November 30, 2010
At least 30 banks since 2000 have escaped federal regulatory action by walking away from their federal regulators and moving under state supervision, taking advantage of a long-standing system that allows banks to choose between federal and state oversight, according to a Washington Post review of government records.
The moves, known as charter conversions, highlight the tremendous leverage that banks hold in their relationships with government supervisors.
The financial crisis has pushed regulatory reform high up the agenda of the Obama administration and congressional leaders. Timothy F. Geithner, the Treasury secretary nominee, sounded the theme at his confirmation hearing yesterday, calling for a “stronger, more resilient system.”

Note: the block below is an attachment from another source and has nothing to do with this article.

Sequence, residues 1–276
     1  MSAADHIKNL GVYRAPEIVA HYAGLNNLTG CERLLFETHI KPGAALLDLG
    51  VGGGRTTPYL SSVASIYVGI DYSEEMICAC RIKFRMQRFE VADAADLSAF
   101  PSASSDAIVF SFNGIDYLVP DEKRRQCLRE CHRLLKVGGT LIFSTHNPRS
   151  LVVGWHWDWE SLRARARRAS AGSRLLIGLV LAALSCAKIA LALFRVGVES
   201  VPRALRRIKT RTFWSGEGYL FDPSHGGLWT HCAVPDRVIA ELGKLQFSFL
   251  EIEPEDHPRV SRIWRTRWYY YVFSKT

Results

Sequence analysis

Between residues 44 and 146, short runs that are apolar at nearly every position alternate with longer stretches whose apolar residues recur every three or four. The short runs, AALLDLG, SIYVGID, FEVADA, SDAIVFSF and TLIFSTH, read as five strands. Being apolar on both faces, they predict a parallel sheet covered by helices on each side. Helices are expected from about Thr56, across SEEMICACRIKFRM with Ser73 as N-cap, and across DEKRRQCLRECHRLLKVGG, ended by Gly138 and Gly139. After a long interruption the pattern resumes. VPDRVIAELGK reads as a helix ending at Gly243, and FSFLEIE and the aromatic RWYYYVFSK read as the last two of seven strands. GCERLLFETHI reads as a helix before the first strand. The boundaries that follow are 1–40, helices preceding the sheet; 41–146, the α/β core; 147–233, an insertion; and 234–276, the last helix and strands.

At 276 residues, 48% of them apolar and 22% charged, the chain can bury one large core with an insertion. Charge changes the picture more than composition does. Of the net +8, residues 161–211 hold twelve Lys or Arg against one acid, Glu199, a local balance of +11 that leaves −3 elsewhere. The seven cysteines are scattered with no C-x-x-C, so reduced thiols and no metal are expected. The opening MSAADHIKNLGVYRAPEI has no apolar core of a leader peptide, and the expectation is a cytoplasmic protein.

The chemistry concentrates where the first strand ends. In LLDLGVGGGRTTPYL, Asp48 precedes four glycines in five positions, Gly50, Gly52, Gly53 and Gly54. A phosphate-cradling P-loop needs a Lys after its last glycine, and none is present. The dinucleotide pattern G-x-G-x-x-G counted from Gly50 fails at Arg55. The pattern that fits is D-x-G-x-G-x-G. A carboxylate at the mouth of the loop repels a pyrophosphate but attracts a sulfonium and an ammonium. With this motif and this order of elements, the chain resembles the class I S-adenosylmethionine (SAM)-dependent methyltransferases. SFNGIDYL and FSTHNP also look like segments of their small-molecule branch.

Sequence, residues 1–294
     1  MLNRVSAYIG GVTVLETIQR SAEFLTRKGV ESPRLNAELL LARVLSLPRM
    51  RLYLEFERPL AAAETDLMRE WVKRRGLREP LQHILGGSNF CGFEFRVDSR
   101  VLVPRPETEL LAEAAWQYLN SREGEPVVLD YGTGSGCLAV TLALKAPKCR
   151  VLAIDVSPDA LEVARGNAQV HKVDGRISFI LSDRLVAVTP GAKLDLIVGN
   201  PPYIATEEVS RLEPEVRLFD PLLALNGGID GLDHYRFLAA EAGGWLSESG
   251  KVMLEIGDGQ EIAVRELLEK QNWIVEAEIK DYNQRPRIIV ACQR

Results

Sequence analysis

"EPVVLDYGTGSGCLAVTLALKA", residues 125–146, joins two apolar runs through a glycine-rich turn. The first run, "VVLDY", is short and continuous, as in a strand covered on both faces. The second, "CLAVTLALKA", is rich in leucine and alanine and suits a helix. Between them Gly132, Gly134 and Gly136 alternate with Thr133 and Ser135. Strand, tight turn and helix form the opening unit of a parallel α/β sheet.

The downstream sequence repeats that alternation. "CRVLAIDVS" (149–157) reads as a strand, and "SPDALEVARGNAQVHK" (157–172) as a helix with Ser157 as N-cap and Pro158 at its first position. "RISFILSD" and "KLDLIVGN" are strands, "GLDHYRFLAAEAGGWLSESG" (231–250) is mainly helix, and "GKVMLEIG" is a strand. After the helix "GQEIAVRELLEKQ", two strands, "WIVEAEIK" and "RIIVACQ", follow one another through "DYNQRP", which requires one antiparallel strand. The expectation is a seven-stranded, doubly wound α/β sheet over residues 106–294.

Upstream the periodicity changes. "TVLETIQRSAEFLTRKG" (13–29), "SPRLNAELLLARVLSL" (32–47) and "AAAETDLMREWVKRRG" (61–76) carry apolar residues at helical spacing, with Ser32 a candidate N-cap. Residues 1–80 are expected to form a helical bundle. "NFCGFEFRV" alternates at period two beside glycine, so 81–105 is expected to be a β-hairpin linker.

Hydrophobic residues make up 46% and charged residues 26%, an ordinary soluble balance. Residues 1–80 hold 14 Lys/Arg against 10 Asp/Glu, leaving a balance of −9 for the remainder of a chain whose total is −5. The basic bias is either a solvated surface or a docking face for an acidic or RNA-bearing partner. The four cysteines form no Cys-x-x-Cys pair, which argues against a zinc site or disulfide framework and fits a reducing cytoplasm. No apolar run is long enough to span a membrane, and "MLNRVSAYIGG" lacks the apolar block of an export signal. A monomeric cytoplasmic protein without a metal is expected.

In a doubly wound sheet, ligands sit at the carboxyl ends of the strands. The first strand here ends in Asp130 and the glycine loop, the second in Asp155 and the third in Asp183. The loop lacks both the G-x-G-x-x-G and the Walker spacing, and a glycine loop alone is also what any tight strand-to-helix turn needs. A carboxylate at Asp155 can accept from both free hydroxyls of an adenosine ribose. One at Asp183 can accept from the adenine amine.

Some regulatory experts say that eliminating the opportunity to switch regulators is critical to strengthening oversight.
The number of public enforcement actions nearly tripled last year as federal regulators struggled to contain the spreading financial crisis. The actions typically require banks to make major changes that improve their financial health and reduce the risk of failure. But because regulators cannot prevent charter conversions, banks also have the option of changing their regulator.
Article: Washington Post
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